Scientists from the University of Western Australia have found a new use for red wine: clothing.
We love to drink it, and put it in food to eat it, but this is the first time the alcoholic beverage has been used to create clothes.
The team added a bacteria to the wine to create a material similar to cotton, and have collaborated with artist Donna Franklin to design a range of dresses, t-shirts and swimwear.
Lead researcher Gary Cass said they are now working on improving the fabric tear strength.
“'This project redefines the production of woven materials,” he said.
“By combining art and science knowledge and with a little inventiveness, the ultimate goal will be to produce a bacterial fermented seamless garment that forms without a single stitch.”
The fabric is created by adding the acetobacter bacteria to vats of red wine to convert it into vinegar.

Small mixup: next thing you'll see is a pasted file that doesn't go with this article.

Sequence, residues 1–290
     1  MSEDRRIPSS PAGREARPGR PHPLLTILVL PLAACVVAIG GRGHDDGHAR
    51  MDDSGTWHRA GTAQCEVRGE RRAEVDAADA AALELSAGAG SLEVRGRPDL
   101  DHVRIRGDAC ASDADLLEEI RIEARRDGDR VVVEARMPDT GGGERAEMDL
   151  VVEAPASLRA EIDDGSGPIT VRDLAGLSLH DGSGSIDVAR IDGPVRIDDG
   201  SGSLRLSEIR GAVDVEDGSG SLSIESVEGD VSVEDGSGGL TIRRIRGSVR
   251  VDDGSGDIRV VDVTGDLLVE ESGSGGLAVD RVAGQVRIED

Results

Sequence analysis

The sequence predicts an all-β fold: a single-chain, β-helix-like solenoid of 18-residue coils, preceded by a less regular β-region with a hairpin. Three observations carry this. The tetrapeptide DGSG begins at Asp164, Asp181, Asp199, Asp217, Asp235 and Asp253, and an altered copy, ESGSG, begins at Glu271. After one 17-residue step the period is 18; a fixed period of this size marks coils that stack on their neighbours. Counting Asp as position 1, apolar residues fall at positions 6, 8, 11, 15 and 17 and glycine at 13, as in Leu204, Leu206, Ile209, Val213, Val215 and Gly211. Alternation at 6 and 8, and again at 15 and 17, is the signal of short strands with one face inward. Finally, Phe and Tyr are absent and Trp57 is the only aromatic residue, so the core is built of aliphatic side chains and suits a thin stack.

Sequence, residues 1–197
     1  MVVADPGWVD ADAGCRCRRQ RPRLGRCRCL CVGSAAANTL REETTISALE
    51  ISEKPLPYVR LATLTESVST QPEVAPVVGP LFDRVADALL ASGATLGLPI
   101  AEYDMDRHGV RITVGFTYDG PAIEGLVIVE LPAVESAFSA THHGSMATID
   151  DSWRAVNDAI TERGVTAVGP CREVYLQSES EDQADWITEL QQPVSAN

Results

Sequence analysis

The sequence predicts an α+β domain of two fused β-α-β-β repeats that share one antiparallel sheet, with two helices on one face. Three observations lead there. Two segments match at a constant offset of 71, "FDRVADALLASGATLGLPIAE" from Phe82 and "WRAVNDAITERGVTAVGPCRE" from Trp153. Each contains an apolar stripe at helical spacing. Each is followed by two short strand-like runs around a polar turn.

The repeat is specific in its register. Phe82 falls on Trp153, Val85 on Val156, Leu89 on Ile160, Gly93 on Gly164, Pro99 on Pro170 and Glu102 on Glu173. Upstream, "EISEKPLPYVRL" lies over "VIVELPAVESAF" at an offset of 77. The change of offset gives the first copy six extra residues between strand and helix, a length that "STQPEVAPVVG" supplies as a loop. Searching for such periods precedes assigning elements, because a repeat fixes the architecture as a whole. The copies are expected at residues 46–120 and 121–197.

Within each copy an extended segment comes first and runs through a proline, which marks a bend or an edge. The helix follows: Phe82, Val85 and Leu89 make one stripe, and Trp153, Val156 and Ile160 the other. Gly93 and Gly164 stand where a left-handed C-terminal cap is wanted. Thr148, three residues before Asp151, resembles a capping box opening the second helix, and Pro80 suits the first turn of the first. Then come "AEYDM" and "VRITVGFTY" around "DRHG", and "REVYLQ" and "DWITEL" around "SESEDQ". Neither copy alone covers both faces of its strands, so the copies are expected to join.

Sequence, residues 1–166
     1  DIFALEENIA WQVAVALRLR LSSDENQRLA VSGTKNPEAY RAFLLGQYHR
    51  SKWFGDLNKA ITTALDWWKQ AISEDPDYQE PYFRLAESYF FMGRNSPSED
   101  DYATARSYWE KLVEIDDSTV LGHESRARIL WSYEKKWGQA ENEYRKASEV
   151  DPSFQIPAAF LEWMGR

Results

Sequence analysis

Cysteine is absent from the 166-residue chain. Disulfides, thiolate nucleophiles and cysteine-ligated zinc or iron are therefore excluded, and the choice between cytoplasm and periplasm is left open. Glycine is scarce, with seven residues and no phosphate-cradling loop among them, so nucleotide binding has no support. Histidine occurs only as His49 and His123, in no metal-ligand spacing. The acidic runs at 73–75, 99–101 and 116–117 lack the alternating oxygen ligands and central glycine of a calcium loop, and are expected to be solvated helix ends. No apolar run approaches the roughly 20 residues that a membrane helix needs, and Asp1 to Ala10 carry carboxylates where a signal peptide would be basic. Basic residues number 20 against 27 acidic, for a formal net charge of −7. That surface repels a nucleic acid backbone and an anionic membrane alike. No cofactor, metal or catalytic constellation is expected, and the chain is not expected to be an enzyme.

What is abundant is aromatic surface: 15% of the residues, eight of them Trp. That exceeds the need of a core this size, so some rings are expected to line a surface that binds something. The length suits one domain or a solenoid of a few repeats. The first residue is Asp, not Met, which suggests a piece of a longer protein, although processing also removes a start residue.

A layer of cellulose fabric is gradually created on the surface, which is then harvested and places on an inflatable mannequin to achieve the shape desired.
The dummy is then deflated, leaving behind the garment.
The fabric is clingy and seamless, but also becomes like tissue paper when it dries, so much be kept damp when worn.
'We hope that it will inspire others to come up with more creative pieces that will direct and/or redirect our future society,' Cass told Wired.co.uk.
In 2007, Franklin presented a living fungus dress, which she fed special nutrients to promote its colour-changing properties.